Our Saturday green news brings you the latest on health, parenting and cool baby and kid products:
- C-section may increase baby’s risk of autism: According to a new study from the University College Cork in Ireland and recently published in the Journal of Child Psychology and Psychiatry, babies born via Caesarean section could be at a 23-percent greater risk of developing autism spectrum disorder (ASD). The study represents a meta-analysis of twenty five previously published papers on the links between C-sections and conditions such as autism and attention deficit hyperactivity disorder (ADHD). While the actual connection between autism and C-sections is still “unclear,” one theory is based on the fact that elective C-sections are often performed weeks before the due date, which is reducing the baby’s brain development time. Another theory is based on fact that a baby born via C-section is exposed to a different gut flora than a baby born via vaginal delivery, which may affect his psychological development.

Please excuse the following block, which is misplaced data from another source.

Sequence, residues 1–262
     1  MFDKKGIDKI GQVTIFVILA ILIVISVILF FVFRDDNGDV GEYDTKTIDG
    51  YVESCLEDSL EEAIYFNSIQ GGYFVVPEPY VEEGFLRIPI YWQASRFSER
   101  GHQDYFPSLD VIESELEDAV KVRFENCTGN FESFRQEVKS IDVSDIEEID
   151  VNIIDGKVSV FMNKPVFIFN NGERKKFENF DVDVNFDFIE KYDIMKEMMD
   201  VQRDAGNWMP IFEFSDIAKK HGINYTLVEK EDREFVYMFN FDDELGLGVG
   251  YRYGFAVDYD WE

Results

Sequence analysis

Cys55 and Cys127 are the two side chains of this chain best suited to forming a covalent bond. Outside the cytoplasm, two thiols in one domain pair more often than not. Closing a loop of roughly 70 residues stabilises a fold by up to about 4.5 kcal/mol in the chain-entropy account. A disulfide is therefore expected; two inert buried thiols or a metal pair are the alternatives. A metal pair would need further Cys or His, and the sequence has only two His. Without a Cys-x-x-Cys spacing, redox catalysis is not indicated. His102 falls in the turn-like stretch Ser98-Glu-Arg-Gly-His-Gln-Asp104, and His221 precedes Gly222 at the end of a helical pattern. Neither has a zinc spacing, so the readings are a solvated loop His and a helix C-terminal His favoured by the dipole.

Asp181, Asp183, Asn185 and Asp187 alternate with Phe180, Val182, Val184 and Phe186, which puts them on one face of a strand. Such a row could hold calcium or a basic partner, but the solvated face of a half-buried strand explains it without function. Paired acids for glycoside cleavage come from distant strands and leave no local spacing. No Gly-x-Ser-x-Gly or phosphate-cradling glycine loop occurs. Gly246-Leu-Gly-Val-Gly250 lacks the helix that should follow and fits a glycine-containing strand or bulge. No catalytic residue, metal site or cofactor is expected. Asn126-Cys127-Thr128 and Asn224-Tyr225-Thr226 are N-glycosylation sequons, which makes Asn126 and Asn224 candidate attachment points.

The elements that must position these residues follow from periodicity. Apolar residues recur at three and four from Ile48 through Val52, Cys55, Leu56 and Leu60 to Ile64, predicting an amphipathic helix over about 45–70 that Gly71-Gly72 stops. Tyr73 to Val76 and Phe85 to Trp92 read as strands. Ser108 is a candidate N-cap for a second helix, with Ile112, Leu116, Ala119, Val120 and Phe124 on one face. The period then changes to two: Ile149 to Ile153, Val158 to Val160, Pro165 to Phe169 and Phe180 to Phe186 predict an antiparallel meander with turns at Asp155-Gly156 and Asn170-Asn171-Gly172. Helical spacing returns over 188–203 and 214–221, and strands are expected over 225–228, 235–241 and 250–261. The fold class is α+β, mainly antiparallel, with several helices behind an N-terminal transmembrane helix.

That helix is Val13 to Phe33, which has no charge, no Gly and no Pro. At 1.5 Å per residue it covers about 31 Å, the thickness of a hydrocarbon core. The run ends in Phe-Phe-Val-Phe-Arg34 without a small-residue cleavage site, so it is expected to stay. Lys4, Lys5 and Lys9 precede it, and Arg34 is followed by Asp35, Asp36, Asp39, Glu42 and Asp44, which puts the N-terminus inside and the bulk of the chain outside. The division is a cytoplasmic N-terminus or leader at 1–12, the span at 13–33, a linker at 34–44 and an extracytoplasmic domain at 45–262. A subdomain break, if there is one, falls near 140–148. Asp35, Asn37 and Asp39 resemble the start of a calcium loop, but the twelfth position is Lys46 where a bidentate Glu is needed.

- Chemical found in broccoli sprouts may reduce symptoms of autism : According to a new study based on a research collaboration between Johns Hopkins University School of Medicine in Baltimore and Massachusetts General Hospital for Children, which was recently published in the Proceedings of the National Academy of Sciences, chemical found in broccoli sprouts has a capacity to temporarily improve symptoms of Autism Spectrum Disorder (ASD). Broccoli sprouts, along with other cruciferous veggies, contain precursors of a chemical called sulforaphane. This molecule has been studied for its ability to help combat oxidative stress in cells, since cells damaged by this stress can display abnormalities in cell signaling, and can even develop inflammation leading to chronic diseases like cancer. Previous research by co-author Paul Talalay of Johns Hopkins found that sulforaphane helps the body’s heat-shock response, which protects cells when faced with fevers or other sources high temperatures. The researchers found that about half of those receiving the treatment of sulforaphane saw improvement. As Mr. Talalay explained: “We believe that this may be preliminary evidence for the first treatment for autism that improves symptoms by apparently correcting some of the underlying cellular problems.”